Biofabrication course a world first


Friday, 16 May, 2014


The world’s first international masters in biofabrication is being offered by the Queensland University of Technology (QUT), the University of Wollongong, the University Medical Center Utrecht in the Netherlands and the University of Würzburg in Germany.

The four universities are all world leaders in biofabrication research and have joined forces to offer a two-year, two-degree masters program whereby graduates will hold a masters degree from an Australian university in addition to a masters degree from a European university.

Biofabrication involves the use of 3D printing to regrow and replace most types of human tissue. The tissues are created in intricate layers using different types of biomaterials to generate individualised structures.

These tailor-made structures are then implanted into the body to act as scaffolds on which new tissue can grow, and as the tissue grows the scaffold dissolves into the body. For example, biofabrication is successfully being used successfully to repair broken and missing bone.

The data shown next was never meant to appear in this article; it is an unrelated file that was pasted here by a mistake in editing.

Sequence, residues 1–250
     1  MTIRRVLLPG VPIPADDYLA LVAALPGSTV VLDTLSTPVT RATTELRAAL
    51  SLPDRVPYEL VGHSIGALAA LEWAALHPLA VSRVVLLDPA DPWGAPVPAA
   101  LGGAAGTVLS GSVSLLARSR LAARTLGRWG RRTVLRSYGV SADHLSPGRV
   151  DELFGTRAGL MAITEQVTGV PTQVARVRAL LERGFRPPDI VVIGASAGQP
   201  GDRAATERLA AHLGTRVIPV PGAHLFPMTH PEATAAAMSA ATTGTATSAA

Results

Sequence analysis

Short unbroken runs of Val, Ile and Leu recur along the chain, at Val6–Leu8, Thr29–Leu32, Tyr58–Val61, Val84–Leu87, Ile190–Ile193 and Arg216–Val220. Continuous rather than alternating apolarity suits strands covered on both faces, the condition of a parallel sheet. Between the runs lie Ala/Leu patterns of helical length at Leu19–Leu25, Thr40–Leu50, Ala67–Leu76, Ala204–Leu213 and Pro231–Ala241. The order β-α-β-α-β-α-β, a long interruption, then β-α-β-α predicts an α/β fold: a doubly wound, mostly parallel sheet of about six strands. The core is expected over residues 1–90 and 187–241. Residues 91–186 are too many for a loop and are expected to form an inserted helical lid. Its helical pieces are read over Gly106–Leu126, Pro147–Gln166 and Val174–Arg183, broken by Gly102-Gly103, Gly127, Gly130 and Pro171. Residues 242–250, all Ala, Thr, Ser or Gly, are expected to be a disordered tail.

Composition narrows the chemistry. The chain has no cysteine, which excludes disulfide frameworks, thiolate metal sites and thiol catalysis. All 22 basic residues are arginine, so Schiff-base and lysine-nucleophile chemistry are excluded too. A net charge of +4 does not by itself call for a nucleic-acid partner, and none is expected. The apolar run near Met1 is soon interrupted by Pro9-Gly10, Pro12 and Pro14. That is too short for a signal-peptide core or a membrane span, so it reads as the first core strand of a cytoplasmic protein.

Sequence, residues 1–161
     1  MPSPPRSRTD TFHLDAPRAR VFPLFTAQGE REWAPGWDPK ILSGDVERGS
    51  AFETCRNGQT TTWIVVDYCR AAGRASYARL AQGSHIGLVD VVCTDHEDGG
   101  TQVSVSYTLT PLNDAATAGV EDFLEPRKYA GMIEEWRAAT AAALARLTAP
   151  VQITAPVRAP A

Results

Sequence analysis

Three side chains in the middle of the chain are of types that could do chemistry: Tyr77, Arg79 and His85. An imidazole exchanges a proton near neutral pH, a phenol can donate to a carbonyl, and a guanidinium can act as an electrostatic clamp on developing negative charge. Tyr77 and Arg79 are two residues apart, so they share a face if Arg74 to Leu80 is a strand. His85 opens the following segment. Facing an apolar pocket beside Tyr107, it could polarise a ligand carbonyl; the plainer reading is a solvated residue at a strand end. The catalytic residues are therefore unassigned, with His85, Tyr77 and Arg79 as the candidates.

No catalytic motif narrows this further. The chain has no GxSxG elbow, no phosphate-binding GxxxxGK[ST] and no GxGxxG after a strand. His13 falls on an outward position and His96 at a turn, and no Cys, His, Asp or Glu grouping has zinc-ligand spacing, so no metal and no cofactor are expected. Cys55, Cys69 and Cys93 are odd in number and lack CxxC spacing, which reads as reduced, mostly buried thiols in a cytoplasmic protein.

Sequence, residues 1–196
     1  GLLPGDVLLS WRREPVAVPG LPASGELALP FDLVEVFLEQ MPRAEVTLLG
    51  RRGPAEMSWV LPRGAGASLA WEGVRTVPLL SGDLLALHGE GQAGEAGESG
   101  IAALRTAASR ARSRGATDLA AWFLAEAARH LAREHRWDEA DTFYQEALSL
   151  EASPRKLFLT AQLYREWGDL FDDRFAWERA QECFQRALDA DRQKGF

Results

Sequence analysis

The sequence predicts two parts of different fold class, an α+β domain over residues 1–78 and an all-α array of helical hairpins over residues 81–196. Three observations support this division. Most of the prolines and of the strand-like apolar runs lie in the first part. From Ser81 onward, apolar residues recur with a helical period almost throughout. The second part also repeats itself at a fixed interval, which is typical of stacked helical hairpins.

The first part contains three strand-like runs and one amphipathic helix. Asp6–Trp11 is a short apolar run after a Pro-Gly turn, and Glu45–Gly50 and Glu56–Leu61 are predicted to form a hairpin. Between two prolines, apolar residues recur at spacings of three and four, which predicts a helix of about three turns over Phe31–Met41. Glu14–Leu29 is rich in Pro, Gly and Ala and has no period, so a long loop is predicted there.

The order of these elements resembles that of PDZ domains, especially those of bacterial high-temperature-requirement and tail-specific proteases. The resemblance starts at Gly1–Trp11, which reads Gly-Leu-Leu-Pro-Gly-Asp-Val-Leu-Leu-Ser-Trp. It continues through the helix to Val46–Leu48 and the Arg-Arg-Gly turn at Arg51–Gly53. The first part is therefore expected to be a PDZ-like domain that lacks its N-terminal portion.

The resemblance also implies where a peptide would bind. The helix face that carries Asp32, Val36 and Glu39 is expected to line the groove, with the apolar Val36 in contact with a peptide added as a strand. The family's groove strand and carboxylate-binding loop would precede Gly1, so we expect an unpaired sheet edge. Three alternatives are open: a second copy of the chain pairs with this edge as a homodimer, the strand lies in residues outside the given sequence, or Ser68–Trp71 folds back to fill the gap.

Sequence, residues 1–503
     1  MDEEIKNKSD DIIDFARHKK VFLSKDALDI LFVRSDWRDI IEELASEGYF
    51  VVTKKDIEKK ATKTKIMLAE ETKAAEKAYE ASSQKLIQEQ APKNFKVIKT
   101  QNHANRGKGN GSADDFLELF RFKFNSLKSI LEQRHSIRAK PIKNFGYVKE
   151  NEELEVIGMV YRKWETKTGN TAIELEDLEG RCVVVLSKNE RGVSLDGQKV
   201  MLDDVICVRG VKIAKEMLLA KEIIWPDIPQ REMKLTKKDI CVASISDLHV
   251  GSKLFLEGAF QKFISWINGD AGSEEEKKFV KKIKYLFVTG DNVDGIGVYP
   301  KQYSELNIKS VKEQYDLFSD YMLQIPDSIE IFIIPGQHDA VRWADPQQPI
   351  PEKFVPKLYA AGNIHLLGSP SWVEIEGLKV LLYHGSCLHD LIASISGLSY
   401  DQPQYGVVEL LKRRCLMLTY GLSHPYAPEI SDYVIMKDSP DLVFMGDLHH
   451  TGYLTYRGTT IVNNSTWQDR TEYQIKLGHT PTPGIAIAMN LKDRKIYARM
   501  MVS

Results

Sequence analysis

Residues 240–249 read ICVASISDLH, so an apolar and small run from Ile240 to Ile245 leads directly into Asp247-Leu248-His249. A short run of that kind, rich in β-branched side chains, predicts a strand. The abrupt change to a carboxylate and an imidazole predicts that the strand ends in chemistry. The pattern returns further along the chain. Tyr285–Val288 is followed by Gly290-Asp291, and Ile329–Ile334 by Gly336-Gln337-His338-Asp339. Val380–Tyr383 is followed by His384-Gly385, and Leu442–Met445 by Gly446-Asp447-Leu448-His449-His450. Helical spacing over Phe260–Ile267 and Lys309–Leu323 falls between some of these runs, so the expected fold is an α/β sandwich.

“Each of the four universities has established a track record in key areas of biofabrication, including polymer chemistry, cell biology and clinical implants,” said Professor Dietmar W Hutmacher, who leads QUT’s biofabrication research.

“Biofabrication can be used to repair cartilage, bone, muscles, nerves and skin that have been damaged by trauma, disease or cancer. It is even predicted that entire organs will be biofabricated within a few decades.”

Each of the four universities will admit 10 students to the degree. Australian students will spend nine to 12 months studying at one of the European universities and European students would also study at one of the Australian universities.

Professor Gordon Wallace, director of the University of Wollongong’s ARC Centre of Excellence for Electromaterials Science, said graduates of the masters program would be in high demand.

Professor Hutmacher said biofabrication is a multidisciplinary area of research that required an understanding of chemistry, physics, biology, medicine, robotics and computer science, and welcomed graduates in these fields to apply for the masters degree.

The masters in biofabrication is supported by the Australian Government and the European Union.

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